“Am I really worthy to enter His house?”
August 26, 2011 2 Comments
Like many who have the priesthood, I’ve had the responsibility to interview members of the Church of Jesus Christ of Latter-day Saints to determine worthiness to enter what we refer to as “the House of the Lord” or Temples.
It is a brief interview with a series of questions inquiring about strength of beliefs and faith, honesty, support of leaders, adherence to laws and commandments among other questions. It represents the bare minimum of faithfulness one needs to enter the temple and participate in sacred ceremonies. (To find out more about temples, how they are different from standard chapels, who can enter, and other info, click here.)
The last question goes something like this: “Do you consider yourself worthy to enter the Lord’s House and participate in temple ordinances?” By far, it is this question that brings the most hesitation, ho-hums, questions and doubts. Our reluctance to answer this question is born of either a desire to be humble or an inability to believe that Christ can atone for us personally. Unfortunately, the LDS culture has created some feelings that we have to save ourselves. It is a totally false notion and I think church leaders have done a wonderful job to teach that in fact, Christ has the power to save all…even me.
When members hesitate on this last question, I am very quick to attempt to teach. I simply review with them the second question of the interview: “Do you have faith in the Atonement of Jesus Christ and His role as Savior and Redeemer?” No one hesitates on this question. It is always a resounding “yes” often through tears. If we can say “yes” to this question, then we can say, with confidence, “yes” to the last question. We ARE fully worthy to enter the Lord’s House. If we are in a covenant relationship with the Savior and we believe Him, we may enter His house.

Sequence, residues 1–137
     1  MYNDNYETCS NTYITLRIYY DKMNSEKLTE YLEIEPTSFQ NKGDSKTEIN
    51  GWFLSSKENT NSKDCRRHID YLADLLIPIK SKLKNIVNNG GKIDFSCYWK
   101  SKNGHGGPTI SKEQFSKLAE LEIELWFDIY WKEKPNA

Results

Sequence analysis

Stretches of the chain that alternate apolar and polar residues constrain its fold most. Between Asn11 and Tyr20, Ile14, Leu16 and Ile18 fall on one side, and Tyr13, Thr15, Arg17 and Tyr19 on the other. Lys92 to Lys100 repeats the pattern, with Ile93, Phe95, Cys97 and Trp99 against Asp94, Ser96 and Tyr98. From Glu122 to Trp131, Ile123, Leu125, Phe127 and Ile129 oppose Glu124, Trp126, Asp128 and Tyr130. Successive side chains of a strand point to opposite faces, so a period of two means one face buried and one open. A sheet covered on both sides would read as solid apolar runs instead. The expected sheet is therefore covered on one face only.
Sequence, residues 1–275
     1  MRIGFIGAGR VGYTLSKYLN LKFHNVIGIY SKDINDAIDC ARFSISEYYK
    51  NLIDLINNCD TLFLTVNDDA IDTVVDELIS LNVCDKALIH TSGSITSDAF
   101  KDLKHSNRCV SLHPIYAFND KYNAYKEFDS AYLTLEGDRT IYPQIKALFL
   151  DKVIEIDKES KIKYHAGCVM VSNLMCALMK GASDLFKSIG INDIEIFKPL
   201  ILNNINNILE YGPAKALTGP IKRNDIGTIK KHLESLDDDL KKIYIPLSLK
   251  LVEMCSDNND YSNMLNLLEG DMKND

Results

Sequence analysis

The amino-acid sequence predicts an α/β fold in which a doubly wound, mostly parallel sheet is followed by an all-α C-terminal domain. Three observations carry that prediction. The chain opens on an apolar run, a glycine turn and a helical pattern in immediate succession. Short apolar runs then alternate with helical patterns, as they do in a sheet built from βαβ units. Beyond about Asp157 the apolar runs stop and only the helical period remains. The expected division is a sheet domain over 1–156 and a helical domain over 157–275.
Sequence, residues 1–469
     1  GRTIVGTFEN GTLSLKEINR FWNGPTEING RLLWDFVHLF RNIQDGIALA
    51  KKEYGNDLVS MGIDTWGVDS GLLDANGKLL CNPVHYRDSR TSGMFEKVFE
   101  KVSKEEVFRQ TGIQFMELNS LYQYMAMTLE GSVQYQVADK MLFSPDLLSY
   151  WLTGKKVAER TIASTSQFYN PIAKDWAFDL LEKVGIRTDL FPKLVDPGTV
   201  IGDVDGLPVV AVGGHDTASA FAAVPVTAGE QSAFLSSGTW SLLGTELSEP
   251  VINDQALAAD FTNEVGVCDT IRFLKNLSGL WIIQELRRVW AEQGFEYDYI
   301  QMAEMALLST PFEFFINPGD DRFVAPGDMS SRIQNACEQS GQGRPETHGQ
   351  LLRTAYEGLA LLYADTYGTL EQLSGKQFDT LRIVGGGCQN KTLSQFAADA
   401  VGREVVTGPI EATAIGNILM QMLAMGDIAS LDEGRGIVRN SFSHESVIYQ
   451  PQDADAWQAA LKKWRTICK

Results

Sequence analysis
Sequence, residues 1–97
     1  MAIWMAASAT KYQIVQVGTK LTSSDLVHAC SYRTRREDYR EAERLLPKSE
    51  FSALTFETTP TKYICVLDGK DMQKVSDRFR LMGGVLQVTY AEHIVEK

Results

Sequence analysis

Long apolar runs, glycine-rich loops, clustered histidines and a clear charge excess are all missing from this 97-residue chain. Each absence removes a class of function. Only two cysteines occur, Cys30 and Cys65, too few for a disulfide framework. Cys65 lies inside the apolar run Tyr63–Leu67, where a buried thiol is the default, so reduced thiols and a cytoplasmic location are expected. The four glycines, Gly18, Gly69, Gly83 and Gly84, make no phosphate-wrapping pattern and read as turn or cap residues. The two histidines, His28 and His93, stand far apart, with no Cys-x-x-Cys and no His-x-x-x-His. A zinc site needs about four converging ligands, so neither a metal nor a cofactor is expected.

For those members who are determined to save themselves, I turn to a few a scriptures. First to Alma 7:11-13.
And he shall go forth, suffering pains and afflictions and temptations of every kind; and this that the word might be fulfilled which saith he will take upon him the pains and the sicknesses of his people.
And he will take upon him death, that he may loose the bands of death which bind his people; and he will take upon him their infirmities, that his bowels may be filled with mercy, according to the flesh, that he may know according to the flesh how to succor his people according to their infirmities.
Now the Spirit knoweth all things; nevertheless the Son of God suffereth according to the flesh that he might take upon him the sins of his people, that he might blot out their transgressions according to the power of his deliverance; and now behold, this is the testimony which is in me.
He paid for EVERYTHING so that we don’t have to. As Paul beautifully put it:
For we have not an high priest which cannot be touched with the feeling of our infirmities; but was in all points tempted like as we are, yet without sin.
Let us therefore come boldly unto the throne of grace, that we may obtain mercy, and find grace to help in time of need. (Hebrews 4:15-16)
Because of what He did, we can go “boldly” through the temple, through church, through school, through life. This is the message of every prophet; that Christ lives and He is able to save.
But he was wounded for our transgressions, he was bruised for our iniquities: the chastisement of our peace was upon him; and with his stripes we are healed. (Isaiah 53:5, italics added)
When I start forgetting His power to atone – not that He can’t atone for others, but certainly not for me – I try to remember to ask myself this question: “Am I really more powerful to mess up than Christ is to redeem?” The answer is obvious. It is not a finite atonement. It is an “infinite atonement.” (2 Nephi 9:6-8)
As members of the Church, we have the opportunity to sit with our Priesthood leader and answer these questions. When that last question is asked, we should remember what Christ did and that it was for each of us personally. We can say with complete faith and confident humility that, “Yes. Yes, I am worth to enter His house.”